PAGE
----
Album Review – Alcest – Ecailles de Lune

April 20, 2013 — Leave a comment

Alcest – Ecailles de Lune (2010)

The first thing you’ll notice about this album cover is how very French it is. There’s a mythical romanticism about it, as the flowing mermaid character observes her sleeping lover, though she seems to make no effort to wake him up. The artist Les Discrets, who designed it, has captured perfectly the mood and ambience of “Ecailles de Lune,” and you don’t necessarily need a lyric sheet and a French dictionary to appreciate it. It’s possible a native French speaker would get a different perspective on Alcest than I would, but being a francophone is definitely not a requirement to dive into “Ecailles de Lune.”

1. Ecailles de Lune, Part 1

2. Ecailles de Lune, Part 2

3.  Percies De Luminiere

4. Abysses

5. Solar Song

6. Sur L’Ocean Couleur De Fer

If the deep, underwater, melancholy atmosphere of the album art could be set to music, that is exactly what Alcest has created here. They start with a pair of ten-minute epics that epitomize their love of the dreampop/shoegaze genre (accounting for the somber, melodic lines) and traditional, screeching black metal (accounting for the periodic shifts into blast-beat overdrive). Continuing with the nautical theme here, the former can be compared to the shimmering, underwater gloom of the ocean floor, while the latter can represent rising to the surface to find yourself tossed and turned in an intense storm of waves.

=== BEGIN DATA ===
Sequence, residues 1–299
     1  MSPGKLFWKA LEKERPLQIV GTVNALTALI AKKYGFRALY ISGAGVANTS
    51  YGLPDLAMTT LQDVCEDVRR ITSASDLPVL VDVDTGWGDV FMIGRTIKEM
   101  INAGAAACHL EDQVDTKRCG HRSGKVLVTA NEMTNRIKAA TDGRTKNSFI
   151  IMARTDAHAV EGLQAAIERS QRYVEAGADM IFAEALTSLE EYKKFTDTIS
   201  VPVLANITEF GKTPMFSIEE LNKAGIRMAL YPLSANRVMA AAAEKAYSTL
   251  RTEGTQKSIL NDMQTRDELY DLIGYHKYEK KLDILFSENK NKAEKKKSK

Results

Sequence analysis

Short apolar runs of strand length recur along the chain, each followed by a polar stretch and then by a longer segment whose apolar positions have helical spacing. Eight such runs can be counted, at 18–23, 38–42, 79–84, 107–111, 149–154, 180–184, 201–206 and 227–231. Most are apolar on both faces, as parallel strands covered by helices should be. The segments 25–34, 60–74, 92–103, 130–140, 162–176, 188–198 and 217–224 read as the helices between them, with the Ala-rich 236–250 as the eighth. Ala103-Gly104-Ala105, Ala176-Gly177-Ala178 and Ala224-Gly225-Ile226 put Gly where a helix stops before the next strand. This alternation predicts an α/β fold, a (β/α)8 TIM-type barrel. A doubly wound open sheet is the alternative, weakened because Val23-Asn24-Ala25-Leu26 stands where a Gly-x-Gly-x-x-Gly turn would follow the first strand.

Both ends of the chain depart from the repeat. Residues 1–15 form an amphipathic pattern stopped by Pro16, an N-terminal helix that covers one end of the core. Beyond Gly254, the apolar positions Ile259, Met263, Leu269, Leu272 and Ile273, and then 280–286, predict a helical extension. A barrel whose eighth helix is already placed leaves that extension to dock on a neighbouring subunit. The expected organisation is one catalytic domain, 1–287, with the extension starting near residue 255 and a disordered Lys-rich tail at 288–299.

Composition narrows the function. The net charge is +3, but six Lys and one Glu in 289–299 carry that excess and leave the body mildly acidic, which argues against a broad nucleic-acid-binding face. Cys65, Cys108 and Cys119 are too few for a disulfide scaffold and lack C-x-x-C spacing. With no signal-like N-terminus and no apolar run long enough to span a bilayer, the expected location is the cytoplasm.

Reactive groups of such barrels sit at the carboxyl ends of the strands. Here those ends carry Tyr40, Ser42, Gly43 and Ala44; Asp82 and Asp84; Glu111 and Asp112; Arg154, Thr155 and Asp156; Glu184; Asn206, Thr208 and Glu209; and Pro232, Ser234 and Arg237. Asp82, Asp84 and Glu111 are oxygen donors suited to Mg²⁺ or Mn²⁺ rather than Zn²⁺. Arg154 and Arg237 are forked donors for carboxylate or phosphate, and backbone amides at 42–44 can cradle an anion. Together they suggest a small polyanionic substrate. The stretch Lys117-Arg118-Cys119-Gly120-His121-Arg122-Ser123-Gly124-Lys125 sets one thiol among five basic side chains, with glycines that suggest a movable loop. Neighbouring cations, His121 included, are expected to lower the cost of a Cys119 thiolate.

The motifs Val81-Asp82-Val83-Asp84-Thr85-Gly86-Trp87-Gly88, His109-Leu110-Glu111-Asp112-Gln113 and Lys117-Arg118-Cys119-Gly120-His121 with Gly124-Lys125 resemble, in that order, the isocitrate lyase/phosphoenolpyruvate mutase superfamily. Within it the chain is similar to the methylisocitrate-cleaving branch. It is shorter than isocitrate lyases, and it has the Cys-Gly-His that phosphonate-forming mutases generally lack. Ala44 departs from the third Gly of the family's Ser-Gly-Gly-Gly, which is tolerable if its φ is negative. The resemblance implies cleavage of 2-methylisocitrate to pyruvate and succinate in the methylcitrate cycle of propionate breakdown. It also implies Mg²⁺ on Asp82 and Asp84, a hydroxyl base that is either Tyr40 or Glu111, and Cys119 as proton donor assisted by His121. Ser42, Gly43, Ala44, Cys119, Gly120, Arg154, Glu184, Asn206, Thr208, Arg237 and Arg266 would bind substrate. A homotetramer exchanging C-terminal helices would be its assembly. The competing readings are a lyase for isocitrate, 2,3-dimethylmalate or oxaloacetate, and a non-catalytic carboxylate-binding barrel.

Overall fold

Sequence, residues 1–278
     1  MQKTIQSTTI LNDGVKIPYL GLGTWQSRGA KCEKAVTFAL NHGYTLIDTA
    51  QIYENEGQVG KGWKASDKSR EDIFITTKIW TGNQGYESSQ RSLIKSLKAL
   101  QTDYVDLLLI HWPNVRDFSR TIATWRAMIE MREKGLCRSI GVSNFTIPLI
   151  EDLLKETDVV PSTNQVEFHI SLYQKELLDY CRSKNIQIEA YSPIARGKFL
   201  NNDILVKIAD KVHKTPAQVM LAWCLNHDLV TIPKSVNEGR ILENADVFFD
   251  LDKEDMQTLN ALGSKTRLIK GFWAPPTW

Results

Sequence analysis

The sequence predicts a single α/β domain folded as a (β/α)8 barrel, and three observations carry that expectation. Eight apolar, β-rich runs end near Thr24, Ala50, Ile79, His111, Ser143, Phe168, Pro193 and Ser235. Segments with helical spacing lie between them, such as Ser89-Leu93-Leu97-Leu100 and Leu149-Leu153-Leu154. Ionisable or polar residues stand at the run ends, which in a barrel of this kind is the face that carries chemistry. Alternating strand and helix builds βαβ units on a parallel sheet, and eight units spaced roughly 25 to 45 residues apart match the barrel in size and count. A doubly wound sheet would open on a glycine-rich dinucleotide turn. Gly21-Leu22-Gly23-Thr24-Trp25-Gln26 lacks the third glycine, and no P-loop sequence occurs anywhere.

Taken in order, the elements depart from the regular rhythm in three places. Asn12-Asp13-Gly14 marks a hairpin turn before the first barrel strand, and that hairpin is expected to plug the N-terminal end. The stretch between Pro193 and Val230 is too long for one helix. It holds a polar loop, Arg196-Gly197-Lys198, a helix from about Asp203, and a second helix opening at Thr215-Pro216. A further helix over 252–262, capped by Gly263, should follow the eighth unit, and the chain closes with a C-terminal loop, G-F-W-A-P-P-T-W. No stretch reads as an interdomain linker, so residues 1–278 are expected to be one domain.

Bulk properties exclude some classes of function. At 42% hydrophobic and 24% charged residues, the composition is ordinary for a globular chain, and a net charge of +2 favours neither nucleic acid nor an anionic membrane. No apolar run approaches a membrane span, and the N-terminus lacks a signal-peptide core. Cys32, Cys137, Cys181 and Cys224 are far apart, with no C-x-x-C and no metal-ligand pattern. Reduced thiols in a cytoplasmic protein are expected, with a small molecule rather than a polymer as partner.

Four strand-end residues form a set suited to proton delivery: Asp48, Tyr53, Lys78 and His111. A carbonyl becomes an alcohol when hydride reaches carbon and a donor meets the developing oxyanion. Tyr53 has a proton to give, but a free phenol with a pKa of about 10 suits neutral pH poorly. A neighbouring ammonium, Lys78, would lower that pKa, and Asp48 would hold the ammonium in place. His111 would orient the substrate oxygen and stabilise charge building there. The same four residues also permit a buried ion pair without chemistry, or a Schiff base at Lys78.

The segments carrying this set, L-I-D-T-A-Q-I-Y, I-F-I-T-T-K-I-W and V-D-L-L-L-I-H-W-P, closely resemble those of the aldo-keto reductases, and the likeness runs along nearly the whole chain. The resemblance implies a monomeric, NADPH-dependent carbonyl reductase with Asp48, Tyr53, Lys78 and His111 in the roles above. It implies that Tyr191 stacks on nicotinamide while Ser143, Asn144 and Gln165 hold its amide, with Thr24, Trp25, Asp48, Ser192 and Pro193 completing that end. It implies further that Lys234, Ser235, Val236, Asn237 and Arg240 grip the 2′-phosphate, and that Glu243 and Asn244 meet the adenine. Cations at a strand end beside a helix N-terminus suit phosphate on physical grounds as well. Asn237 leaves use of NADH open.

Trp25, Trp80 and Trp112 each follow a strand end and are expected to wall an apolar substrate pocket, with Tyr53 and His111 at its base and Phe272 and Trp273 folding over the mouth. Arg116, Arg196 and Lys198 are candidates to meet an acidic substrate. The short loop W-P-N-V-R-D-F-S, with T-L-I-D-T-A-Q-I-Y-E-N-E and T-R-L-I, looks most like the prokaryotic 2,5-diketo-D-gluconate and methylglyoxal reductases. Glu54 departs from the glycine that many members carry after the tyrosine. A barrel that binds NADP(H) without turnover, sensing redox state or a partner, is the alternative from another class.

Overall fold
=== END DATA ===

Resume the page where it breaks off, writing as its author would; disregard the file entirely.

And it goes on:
The other songs in the more traditional 5-6 minute range have been dismissed by some as being “too pretty.” But those who choose to ignore the breezy, night-time shuffle of “Percies De Luminiere” or the bright bass line of “Solar Song” with its multilayered vocal harmonies, are really missing out.

At this point, you really wonder whether you’d be content if this album had no vocals at all–not because they’re poorly done or detract from the experience, but because the music just that imaginative. This is a sad-sounding ablum, but that shouldn’t be taken to mean that it lacks power, confidence, or immersive-ness.

Taking in Alcest’s efforts here, I’m honestly reminded of the landscape painters of France’s Impressionist and Romantic period. During their time there was war, chaos and upheaval of all kinds (including the Franco-Prussian War, a humiliating defeat if there ever was one). While the world collapsed around them, these artists were sitting out in countryside, painting pictures of flowers. Today, in a world no less chaotic than the one back then, we have Alcest…painting a soundscape of the moon.

Merci Alcest, for reminding us that metal can indeed be beautiful.

4 / 5





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